I once was on a project where we had an hour and a half meeting EVERY SINGLE DAY to update everyone on how the rest of the team was doing.
Nice thought, but pretty f*cking stupid, because I’d get out of there and my brain cells would be wasted, half falling asleep in a meeting, and dull for the rest of the day.
A good part of the productive morning (for me), totally wasted.
A meeting every day?
I kept wanting to skip the meeting to see if they’d miss me, but I was heading a division so… I couldn’t exactly nip off for a nap.
My new proposal
Why do we have meetings?
This may sound impossible, but if you have a meeting it’s for 2 things:
- To make a decision
- To inform people
In both cases, you want or are asking for feedback, which will lead to action on somebody’s part, either to adjust what you’ve just presented, or the parties involved will carry out the actions from the meeting.
If you aren’t doing either, then what’s the point?
If you just want to inform people that things are going fine in marketing, then send an email and if they’re interested, they’ll read it and it’s the same in meetings, so why are you wasting time gathering everyone together physically?
Meeting does not mean Managing
For managers out there, meetings are not managing. “Meeting” is the key word here, not “Managing”. By gathering people together for an hour every morning to chat, it is NOT managing. It is MEETING.
It is not your job to babysit them to MAKE SURE that they are aware of the situation.
It is THEIR job to process that information and to keep alert at all times so that they can execute their daily tasks correctly.
If they don’t read their emails, they’ll learn soon enough that you don’t call for meetings just for the hell of it. That when you call a meeting, you mean it and they’ll show up. And if you email them (don’t email them every hour), it’s an important email.
*Any exceptions to 15 minutes or less?
Of course. If you are gathering for a decision that involves a number of parties, you clearly cannot solve something in 15 minutes. What you can do, is increase that to half an hour, to an hour, depending on the complexity of the problem.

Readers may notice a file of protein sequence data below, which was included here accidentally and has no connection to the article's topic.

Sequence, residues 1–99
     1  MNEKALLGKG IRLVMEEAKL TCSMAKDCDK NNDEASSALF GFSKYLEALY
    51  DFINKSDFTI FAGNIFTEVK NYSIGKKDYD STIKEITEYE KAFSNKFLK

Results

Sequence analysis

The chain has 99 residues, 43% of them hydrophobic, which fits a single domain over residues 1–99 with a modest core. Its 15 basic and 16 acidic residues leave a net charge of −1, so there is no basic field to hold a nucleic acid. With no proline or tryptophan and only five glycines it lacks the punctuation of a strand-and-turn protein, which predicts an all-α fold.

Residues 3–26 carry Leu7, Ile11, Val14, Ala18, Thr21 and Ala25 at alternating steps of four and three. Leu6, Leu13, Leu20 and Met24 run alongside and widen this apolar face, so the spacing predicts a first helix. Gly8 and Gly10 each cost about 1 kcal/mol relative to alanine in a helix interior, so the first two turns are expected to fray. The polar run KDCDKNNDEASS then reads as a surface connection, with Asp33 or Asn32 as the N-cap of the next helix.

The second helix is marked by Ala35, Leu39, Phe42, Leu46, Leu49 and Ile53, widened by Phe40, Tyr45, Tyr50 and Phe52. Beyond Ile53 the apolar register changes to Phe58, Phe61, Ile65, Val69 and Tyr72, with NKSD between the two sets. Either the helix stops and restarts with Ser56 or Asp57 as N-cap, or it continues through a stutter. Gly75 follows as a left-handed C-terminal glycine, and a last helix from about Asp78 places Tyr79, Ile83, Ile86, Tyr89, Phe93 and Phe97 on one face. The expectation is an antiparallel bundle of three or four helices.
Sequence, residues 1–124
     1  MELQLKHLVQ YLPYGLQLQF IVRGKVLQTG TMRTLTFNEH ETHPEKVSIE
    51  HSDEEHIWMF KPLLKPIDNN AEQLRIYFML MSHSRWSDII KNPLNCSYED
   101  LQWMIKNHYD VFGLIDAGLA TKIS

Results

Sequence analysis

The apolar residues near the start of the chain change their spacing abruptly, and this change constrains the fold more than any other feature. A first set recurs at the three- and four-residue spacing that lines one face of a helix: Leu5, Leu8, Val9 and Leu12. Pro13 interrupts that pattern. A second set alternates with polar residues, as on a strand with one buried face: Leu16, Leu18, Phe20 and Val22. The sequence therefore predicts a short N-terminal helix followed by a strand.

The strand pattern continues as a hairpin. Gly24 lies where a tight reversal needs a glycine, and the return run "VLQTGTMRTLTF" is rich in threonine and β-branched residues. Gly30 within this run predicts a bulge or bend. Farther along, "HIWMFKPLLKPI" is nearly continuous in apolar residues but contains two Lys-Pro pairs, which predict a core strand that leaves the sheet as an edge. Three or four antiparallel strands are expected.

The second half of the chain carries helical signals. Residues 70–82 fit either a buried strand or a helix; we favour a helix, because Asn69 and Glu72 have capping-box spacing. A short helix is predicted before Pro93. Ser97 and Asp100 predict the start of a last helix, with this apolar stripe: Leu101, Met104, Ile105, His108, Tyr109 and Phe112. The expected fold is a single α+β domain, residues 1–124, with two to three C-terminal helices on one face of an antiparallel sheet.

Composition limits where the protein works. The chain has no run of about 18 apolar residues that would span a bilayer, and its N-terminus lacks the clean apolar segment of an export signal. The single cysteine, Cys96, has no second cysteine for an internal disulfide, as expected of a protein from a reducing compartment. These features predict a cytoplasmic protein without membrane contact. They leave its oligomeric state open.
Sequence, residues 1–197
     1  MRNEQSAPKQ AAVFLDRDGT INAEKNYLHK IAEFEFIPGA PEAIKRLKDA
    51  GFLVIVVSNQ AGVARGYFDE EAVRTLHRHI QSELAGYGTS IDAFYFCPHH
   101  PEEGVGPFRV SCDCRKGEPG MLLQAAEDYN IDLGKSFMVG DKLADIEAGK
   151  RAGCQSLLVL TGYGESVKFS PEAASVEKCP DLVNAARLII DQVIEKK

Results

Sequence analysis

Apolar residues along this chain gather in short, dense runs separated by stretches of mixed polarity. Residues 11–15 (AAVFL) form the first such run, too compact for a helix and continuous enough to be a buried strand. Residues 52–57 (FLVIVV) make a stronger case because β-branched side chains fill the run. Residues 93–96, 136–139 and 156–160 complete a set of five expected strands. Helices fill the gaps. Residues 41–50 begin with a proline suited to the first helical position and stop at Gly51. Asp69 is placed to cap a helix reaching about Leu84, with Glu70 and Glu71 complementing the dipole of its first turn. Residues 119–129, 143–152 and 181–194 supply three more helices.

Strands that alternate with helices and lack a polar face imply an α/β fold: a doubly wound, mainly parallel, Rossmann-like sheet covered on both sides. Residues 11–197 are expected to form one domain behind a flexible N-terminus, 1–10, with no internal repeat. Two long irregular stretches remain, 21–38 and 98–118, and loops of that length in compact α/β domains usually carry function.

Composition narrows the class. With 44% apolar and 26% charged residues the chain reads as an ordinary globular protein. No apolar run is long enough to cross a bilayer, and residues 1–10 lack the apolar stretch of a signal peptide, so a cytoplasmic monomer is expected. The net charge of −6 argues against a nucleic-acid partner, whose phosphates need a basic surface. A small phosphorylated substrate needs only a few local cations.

Each party must be informed ahead of time when and what the meeting is about, and come prepared. If they are not prepared, you cut the meeting short and meet at a time when both parties can talk intelligently about what’s going on.
I believe half an hour to an hour (maybe) is enough for a major decision, because what happens in meetings most of the time (from my experience) is people say one point, and then it gets repeated like a broken record for the entire meeting. Everyone wants to chime in on the same point with different perspectives.
That is NOT productive. Get the point from one person, jot it down, move on. If someone else tries to bring it up again, say it’s already on the list. Move on.
Or, if you really want to work on the problem all day, make the teams sit in one room together and as they each work independently, they can call out questions or inform the other party right away instead of having to attend a meeting to give an update.
Who to invite?
Only invite the people who are going to do the actual work, or take action on what the decision is.
Don’t invite people who just want to know what’s going on. They’re useless to the meeting and will probably bog the process down. Inform them later of what the decision is, and get feedback if you wish.
Everyone must be on time
This doesn’t work if Lisa from Marketing wanders in 5 minutes late to a 15 minute meeting, holding a cup of Starbucks in her hand because she left to get REAL coffee.
Everyone, must be on time. And if they’re not, they miss the meeting and have to get the information second-hand.
If they feel slighted, it is not your problem. You set the time for the meeting and if it was that important, they’d have been there.
With that being said, don’t set meetings for 7 a.m. Be reasonable considering the traffic in your city and the normal working hours of a day.
Oh, and don’t be late, yourself.
Agenda & Follow-Up Email
It is also the person’s job (who is hosting the meeting) to set an agenda of what they are going to cover in 15 minutes, and to send a follow-up email of the actions he/she has noted down to let everyone know what they have to get done.
This is not a sign for people to NOT take notes during a meeting. If you don’t come with a notepad and pen, and you don’t jot down important information, don’t expect it to be in the email, other than the noted action items.
Oh but what a dream world.
Anyone else think this is possible?